I haven't been following news and rumor sites for almost two years now. Once in a while I see stuff pop up on youtube or facebook. It seems that manufacturers are releasing the same cameras with minor changes every year if not more often. It's really mind boggling how people keep buying these things. A7r ii is one of the latest and most interesting releases in the digital camera market. So I had a 10 minute go at it.

It feels great in hand and looks pretty neat. My sample had a 55mm 1. something lens on it. The first thing that shocked me was the electronic viewfinder. I picked it up, peaked through it and everything looked like you're looking at a video game version of the world. According to my friend and numerous reviews online, this is the best EVF on the market right now. I guess EVFs have far ways to go if they will ever be a competition to bright DSLR viewfinders. 

Next I had a go at shooting some people on the street passing by while I was sitting outside of Starbucks having a coffee. People passing by were almost always between 2-3 meters away from me. It was a nice sunny day so I set the aperture to f8 and wanted to focus to 2.5 meters... but you can't! the lens doesn't have any focal range markings. You have to either auto focus for every single shot (which obviously makes the shutter lag even worse) or use focus peaking to manually focus. While focus peaking works, but is not easy, you have no idea if you're focus is still spot on after a few shots. The lens has no markings whatsoever. Looking at the lens you have no idea whether the focus wheel has turned or not.

Every time you take a shot the EVF blacks out and takes a short but very noticeable amount of time before you can have a go at your next shot. 3 years ago I owned a Nikon D600, which beats any of these mirrorless cameras by leaps and bounds. The viewfinder was crystal clear, bright and beautiful. Like any SLR it blacks out at the moment you fire a shot, but it's only for the duration of the shutter speed. Almost all lenses for the F mount had focal distance scales marked on them.  It looks like DSLRs will dominate for a long time to come. 

On Consistent Look

I've been trying to settle on one film for a while now and just can't do it.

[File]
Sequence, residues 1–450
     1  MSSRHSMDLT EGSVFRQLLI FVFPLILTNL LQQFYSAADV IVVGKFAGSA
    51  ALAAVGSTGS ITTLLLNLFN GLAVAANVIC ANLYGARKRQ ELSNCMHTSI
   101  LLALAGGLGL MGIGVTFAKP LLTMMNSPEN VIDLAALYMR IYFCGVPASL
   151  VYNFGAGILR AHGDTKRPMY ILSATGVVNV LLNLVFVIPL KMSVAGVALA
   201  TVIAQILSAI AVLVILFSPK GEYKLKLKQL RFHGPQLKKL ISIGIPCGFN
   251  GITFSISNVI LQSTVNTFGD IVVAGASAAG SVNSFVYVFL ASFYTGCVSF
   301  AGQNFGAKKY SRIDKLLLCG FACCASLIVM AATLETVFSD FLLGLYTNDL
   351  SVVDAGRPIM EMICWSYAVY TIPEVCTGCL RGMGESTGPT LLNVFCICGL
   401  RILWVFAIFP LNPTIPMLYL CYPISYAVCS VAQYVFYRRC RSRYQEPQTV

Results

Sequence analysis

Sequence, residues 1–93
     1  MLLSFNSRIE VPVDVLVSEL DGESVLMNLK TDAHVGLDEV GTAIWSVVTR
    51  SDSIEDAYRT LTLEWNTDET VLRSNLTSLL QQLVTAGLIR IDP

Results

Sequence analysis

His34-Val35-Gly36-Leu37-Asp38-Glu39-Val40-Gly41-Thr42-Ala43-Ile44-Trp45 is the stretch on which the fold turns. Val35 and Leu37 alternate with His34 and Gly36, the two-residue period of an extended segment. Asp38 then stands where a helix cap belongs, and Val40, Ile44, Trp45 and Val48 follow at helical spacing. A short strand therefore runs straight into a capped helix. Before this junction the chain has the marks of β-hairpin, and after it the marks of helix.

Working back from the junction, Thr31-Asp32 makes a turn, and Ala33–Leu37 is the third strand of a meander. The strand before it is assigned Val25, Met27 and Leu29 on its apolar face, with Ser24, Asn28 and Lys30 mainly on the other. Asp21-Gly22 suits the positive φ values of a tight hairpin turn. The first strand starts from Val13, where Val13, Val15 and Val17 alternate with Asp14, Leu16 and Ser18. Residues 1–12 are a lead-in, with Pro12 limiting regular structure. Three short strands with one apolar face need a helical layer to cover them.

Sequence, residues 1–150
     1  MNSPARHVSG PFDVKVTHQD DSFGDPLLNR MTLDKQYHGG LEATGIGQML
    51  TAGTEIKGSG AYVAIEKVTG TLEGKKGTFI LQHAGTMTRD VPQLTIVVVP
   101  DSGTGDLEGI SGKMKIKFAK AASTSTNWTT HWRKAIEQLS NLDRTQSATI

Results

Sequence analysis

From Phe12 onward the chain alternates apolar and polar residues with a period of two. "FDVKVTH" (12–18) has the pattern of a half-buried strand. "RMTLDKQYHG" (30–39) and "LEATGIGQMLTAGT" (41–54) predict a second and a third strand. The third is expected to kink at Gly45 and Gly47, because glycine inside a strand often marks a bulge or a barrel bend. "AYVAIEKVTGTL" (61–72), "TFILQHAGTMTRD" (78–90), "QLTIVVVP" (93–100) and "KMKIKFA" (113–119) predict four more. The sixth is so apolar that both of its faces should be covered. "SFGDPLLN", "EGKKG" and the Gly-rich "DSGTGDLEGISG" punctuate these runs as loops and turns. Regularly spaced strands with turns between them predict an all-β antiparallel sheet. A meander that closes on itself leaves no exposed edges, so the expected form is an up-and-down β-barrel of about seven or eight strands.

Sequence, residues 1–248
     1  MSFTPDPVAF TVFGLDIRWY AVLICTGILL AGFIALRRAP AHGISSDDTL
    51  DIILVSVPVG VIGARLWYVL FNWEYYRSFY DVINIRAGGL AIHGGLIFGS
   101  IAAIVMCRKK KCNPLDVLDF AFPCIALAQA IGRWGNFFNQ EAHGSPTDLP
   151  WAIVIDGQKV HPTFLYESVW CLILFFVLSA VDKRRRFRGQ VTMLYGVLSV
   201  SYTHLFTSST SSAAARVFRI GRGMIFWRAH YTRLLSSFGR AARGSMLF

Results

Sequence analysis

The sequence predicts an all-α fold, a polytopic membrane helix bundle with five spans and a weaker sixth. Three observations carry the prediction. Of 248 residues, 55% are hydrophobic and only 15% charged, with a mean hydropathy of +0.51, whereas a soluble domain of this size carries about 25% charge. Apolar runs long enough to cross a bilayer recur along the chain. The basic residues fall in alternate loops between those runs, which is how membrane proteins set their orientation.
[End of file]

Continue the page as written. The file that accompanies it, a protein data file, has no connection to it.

I used to love the grittiness of black and white film and decided I should shoot it exclusively for a while and see where it takes me. That experiment didn't last very long. While I still love the grain and the whole experience of developing my own film, I soon grew tired of the monotone! I love Michael Kenna's work for example but it's a mystery to me how he can refraining from shooting color film ALWAYS. 

Once summer came I felt I need to pop in some color film. I haven't shot a roll of black and white for 3 months now! 

I really admire people who pick a film and stick with it. I can't do it. What works best for me is actually shooting one thing on one film. 

For example, I used to bring different types of film with me when traveling and it turned out to be the same damn problem I had with lenses and cameras. I just hate having to choose which one to use. The less I bring the happier I am. Furthermore, it also makes my shots more consistent. At least on the level of albums. 

For my California/Seattle trip in April for example I only brought Provia with me. The same thing for my summer vacation in Yamaguchi, Japan. I was away for 10 days and brought only provia film, but two cameras. My Leica and my Holga. Next challenge will be to restrict myself to only one camera at all times. 

I can't see myself however going on a long trip and only bringing the Holga.  


A few things I want to get done or change this year:

  1. Stop looking at my phone while I'm walking. It's actually dangerous and it annoys me when other people do it.  
  2. Stop spamming groups on Flickr. What's the point? Get a few more likes? … then what? 
  3. Stop hoarding film. Just because something is going out of production doesn't mean I need to buy it in bulk. If I never cared about it then why care about it when they announce the end of Velvia 100F?  
  4. Worrying about what film I shoot is about as production for my photography as worrying about the latest digital sensor.  
  5. It's getting warmer here in Tokyo now. I want to shoot more in the summer and worry about the darkroom in the winter. Color negative is a nice thing for the winter as the table top processor gives off a lot of heat.